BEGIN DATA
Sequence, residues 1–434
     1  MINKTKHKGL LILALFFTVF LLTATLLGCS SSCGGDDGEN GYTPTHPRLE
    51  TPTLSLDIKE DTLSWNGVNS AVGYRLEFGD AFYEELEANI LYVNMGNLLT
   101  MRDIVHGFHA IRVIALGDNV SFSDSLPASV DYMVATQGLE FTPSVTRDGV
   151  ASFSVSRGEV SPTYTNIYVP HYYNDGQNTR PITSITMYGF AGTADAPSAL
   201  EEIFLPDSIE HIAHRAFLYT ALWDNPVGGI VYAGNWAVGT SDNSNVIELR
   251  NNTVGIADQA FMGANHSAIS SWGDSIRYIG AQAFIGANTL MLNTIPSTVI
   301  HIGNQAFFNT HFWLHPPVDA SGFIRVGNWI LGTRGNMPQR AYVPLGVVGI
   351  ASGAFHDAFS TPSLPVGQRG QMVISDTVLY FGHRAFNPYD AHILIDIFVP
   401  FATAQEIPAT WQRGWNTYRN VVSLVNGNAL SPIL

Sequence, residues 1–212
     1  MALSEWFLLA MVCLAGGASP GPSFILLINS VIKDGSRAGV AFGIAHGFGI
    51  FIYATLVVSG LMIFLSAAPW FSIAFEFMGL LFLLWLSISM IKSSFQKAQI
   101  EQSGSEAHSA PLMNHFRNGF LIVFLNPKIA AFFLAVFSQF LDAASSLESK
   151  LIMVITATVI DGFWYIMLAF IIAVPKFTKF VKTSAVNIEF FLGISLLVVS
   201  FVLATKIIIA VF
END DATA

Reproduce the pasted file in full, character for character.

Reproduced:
Sequence, residues 1–434
     1  MINKTKHKGL LILALFFTVF LLTATLLGCS SSCGGDDGEN GYTPTHPRLE
    51  TPTLSLDIKE DTLSWNGVNS AVGYRLEFGD AFYEELEANI LYVNMGNLLT
   101  MRDIVHGFHA IRVIALGDNV SFSDSLPASV DYMVATQGLE FTPSVTRDGV
   151  ASFSVSRGEV SPTYTNIYVP HYYNDGQNTR PITSITMYGF AGTADAPSAL
   201  EEIFLPDSIE HIAHRAFLYT ALWDNPVGGI VYAGNWAVGT SDNSNVIELR
   251  NNTVGIADQA FMGANHSAIS SWGDSIRYIG AQAFIGANTL MLNTIPSTVI
   301  HIGNQAFFNT HFWLHPPVDA SGFIRVGNWI LGTRGNMPQR AYVPLGVVGI
   351  ASGAFHDAFS TPSLPVGQRG QMVISDTVLY FGHRAFNPYD AHILIDIFVP
   401  FATAQEIPAT WQRGWNTYRN VVSLVNGNAL SPIL

Sequence, residues 1–212
     1  MALSEWFLLA MVCLAGGASP GPSFILLINS VIKDGSRAGV AFGIAHGFGI
    51  FIYATLVVSG LMIFLSAAPW FSIAFEFMGL LFLLWLSISM IKSSFQKAQI
   101  EQSGSEAHSA PLMNHFRNGF LIVFLNPKIA AFFLAVFSQF LDAASSLESK
   151  LIMVITATVI DGFWYIMLAF IIAVPKFTKF VKTSAVNIEF FLGISLLVVS
   201  FVLATKIIIA VF